Friday, March 21, 2014


We are reading the book of Esther this week in our minibible college study. There are many lessons packed into this short book. One lesson that is speaking to me is "influence". There are several illustrations in the story of Esther of key people being influenced by other people into making decisions or taking certain actions. The question might be framed this way: "Who are you listening to?" The king of Persia, Xerxes, listens to a wicked prime minister named Haman and issued a universal command to destroy all the Jews. The beautiful young Jewish woman, Esther, listened to her adopted father Mordecai and concealed her Jewish identity even as she became queen of all Persia. When she does reveal that truth about her identity later in the story it is powerful to save the Jewish people. Haman listens to the counsel of his wife and family and decides to build a gallows to hang Mordecai and this gallows ends up being used to hang him instead! I think we need to check and guard the voices we allow to influence us and lead us to act, to speak and to decide. It is interesting to note that the king changes his listening pattern when his heart is changed by the love of Esther and it is interesting to consider the forces that cause us to change our listening orientation as well.
Who are you listening to? What are their possible ulterior motives? We need to surround ourselves with voices of integrity and spiritual health and we need to fill our minds and hearts with the words of the Lord, Himself. We need voices that inspire trust and become foundations for wisdom.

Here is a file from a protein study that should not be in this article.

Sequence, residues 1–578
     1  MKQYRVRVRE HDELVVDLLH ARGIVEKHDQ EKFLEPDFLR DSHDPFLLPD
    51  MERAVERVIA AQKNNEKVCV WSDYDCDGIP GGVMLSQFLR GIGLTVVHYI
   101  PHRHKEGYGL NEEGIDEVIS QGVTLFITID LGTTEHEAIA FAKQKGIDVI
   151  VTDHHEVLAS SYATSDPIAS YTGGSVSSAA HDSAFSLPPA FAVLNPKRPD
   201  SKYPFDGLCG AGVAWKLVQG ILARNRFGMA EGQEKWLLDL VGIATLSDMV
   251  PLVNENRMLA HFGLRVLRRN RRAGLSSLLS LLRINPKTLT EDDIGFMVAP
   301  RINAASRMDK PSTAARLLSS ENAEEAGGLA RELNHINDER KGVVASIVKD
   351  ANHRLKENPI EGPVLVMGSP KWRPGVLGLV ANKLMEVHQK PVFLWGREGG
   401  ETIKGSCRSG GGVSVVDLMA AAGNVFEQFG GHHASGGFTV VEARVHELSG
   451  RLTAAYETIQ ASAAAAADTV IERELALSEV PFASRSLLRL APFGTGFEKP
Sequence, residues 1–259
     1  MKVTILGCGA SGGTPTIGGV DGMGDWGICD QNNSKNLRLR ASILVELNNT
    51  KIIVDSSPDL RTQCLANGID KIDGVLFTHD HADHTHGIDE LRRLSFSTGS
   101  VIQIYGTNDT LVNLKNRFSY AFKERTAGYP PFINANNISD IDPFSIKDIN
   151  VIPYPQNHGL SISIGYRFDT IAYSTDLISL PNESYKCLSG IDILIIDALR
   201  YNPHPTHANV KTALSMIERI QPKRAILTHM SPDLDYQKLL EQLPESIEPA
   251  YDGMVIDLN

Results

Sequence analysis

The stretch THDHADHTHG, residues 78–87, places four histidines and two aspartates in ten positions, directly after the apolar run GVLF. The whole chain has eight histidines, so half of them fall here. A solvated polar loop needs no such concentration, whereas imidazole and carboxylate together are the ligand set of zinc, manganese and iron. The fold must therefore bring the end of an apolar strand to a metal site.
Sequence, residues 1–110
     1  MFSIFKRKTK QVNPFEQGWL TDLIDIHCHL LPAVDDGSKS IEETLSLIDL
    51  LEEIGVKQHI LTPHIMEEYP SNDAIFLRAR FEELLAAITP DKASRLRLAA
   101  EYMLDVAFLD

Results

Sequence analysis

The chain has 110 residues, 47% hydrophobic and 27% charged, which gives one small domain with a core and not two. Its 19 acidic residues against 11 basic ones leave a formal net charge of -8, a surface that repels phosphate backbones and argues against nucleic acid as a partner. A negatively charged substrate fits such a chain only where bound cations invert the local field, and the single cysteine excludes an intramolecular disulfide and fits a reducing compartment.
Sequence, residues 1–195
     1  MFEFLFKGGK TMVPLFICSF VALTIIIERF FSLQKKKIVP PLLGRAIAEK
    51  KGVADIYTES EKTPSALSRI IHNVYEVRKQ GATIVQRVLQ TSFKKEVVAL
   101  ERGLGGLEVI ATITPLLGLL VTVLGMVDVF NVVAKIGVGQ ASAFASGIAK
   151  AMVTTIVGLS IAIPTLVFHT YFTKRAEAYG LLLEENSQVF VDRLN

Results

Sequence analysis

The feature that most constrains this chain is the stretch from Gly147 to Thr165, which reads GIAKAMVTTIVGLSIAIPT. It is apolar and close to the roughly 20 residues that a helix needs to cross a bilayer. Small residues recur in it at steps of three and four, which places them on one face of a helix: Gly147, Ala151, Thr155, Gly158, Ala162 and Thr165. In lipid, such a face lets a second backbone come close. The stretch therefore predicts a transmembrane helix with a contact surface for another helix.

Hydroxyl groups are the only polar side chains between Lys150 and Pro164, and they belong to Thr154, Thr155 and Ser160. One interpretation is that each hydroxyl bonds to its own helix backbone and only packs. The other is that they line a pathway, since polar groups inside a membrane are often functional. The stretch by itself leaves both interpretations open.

Esther 3:
8 Then Haman approached King Xerxes and said, "There is a certain race of people scattered through all the provinces of your empire who keep themselves separate from everyone else. Their laws are different from those of any other people, and they refuse to obey the laws of the king. So it is not in the king's interest to let them live. 9 If it please the king, issue a decree that they be destroyed, and I will give 10,000 large sacks of silver to the government administrators to be deposited in the royal treasury."
10 The king agreed, confirming his decision by removing his signet ring from his finger and giving it to Haman son of Hammedatha the Agagite, the enemy of the Jews. 11 The king said, "The money and the people are both yours to do with as you see fit."
Rob Smith

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